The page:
3. “In response to threat and injury, animals, including humans, execute biologically based, non-conscious action patterns that prepare them to meet the threat and defend themselves. The very structure of trauma, including activation, dissociation and freezing are based on the evolution of survival behaviors. When threatened or injured, all animals draw from a “library” of possible responses. We orient, dodge, duck, stiffen, brace, retract, fight, flee, freeze, collapse, etc. All of these coordinated responses are somatically based- they are things that the body does to protect and defend itself. It is when these orienting and defending responses are overwhelmed that we see trauma.
The bodies of traumatized people portray “snapshots” of their unsuccessful attempts to defend themselves in the face of threat and injury. Trauma is a highly activated incomplete biological response to threat, frozen in time. For example, when we prepare to fight or to flee, muscles throughout our entire body are tensed in specific patterns of high energy readiness. When we are unable to complete the appropriate actions, we fail to discharge the tremendous energy generated by our survival preparations. This energy becomes fixed in specific patterns of neuromuscular readiness. The person then stays in a state of acute and then chronic arousal and dysfunction in the central nervous system. Traumatized people are not suffering from a disease in the normal sense of the word- they have become stuck in an aroused state. It is difficult if not impossible to function normally under these circumstances.” Peter A. Levine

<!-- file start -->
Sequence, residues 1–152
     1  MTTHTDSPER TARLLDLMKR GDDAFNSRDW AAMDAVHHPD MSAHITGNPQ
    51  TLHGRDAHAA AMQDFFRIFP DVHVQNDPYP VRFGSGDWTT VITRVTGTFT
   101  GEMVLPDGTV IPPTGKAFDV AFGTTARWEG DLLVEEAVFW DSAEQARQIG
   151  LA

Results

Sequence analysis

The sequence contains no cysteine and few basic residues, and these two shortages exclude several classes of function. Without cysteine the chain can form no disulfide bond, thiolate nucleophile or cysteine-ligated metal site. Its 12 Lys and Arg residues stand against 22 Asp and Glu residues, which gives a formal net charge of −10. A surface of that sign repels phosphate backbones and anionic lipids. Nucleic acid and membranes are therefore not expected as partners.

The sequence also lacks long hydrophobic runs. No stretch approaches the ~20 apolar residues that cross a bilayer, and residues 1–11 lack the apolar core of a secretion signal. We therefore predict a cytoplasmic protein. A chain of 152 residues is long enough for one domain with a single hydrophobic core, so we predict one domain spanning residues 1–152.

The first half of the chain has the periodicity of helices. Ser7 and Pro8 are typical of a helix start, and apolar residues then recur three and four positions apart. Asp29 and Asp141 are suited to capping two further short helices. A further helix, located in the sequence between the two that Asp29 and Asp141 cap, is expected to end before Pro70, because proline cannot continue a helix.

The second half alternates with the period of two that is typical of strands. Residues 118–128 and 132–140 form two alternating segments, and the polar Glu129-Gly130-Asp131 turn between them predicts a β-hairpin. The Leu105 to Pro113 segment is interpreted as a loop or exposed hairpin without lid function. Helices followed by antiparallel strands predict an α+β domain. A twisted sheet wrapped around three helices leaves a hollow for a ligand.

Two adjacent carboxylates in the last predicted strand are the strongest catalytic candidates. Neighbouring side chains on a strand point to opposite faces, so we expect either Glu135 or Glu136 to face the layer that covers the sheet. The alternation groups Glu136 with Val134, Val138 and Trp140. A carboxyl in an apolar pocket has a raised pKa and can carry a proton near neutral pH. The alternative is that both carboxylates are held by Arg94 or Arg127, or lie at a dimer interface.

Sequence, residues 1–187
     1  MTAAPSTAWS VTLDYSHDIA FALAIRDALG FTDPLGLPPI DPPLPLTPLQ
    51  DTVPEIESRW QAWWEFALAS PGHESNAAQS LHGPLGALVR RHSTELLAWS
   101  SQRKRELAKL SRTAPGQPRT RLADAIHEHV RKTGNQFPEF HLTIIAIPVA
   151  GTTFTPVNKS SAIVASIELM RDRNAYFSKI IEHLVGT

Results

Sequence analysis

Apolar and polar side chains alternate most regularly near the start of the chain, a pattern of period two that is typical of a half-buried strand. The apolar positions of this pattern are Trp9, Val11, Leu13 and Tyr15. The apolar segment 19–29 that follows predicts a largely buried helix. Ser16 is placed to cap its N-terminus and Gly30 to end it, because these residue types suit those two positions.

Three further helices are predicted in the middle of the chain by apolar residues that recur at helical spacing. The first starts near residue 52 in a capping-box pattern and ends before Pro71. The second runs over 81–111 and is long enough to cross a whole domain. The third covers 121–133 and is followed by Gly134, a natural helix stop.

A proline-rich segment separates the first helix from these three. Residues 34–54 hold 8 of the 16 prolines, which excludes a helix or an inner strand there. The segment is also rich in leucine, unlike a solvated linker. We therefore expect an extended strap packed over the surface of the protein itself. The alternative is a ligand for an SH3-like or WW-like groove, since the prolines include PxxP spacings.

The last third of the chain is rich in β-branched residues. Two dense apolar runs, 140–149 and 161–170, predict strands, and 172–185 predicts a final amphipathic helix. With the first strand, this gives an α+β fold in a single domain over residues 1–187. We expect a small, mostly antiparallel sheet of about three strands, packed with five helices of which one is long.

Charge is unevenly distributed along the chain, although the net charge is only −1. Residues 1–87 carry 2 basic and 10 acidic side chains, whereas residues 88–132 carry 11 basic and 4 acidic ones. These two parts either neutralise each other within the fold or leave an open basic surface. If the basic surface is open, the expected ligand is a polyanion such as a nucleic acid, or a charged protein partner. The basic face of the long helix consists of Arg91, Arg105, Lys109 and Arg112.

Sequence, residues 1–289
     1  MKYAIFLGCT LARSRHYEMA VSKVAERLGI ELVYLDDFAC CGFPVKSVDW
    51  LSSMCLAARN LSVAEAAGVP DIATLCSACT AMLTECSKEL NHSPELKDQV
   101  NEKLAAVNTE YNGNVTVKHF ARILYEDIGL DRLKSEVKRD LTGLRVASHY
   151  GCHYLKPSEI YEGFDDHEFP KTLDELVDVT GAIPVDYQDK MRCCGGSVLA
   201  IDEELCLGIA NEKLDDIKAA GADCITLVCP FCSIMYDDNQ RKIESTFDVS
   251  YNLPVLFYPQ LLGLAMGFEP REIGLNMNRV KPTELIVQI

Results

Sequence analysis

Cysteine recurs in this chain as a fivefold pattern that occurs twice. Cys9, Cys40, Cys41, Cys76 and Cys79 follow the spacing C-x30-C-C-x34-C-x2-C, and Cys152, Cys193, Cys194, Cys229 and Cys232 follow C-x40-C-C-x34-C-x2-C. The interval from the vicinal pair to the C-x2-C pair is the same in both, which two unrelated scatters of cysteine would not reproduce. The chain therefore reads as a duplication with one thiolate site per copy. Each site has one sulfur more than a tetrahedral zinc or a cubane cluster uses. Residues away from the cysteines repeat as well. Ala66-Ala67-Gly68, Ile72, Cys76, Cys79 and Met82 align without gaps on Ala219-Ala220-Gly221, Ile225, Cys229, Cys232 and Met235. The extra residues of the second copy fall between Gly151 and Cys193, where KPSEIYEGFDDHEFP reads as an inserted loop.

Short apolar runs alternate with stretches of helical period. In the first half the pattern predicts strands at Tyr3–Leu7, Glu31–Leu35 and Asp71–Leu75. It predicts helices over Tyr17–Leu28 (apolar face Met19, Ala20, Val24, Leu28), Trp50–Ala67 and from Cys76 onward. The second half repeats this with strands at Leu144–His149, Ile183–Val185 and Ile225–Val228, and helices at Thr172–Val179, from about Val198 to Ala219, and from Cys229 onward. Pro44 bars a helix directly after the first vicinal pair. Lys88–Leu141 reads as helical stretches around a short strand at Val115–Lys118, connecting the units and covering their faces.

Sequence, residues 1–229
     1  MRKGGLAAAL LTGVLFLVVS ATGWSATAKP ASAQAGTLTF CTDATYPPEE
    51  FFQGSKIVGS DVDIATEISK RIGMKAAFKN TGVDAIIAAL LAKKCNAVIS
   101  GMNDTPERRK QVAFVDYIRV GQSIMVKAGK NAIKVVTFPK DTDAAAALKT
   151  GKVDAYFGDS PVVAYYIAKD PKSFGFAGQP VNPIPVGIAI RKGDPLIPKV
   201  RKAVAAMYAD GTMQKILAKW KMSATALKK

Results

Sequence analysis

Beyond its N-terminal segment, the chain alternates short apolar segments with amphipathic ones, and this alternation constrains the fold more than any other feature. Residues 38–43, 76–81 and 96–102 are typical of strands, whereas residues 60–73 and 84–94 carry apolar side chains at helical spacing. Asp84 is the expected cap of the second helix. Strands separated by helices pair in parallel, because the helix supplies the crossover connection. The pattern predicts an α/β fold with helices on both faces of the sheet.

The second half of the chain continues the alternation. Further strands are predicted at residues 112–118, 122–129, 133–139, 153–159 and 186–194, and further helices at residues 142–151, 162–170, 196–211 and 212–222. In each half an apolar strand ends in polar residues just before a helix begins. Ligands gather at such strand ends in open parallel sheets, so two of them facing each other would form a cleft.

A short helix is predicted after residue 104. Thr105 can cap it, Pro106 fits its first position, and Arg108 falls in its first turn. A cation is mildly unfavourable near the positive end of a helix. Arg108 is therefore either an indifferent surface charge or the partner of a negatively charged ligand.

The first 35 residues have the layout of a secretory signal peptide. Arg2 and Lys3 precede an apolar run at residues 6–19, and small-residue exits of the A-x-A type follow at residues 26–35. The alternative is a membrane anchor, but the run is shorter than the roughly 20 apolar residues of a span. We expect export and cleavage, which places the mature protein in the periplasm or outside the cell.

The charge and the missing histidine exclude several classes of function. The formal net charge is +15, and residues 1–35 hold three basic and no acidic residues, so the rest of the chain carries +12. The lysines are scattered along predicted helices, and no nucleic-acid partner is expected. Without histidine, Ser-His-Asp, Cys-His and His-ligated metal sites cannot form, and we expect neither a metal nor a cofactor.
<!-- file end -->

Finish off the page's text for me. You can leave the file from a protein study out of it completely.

4. “It is now recognised that dissociation is a way of forgetting, for a time. The mind siphons off the bad memories into a separate part, and reclaiming those hidden-away memories use a complex process. So, when the memories resurface it does not feel as though they belong to you, it feels alien, more as if someone had told them to you, or you had seen the images in a film.” Carolyn Bramhall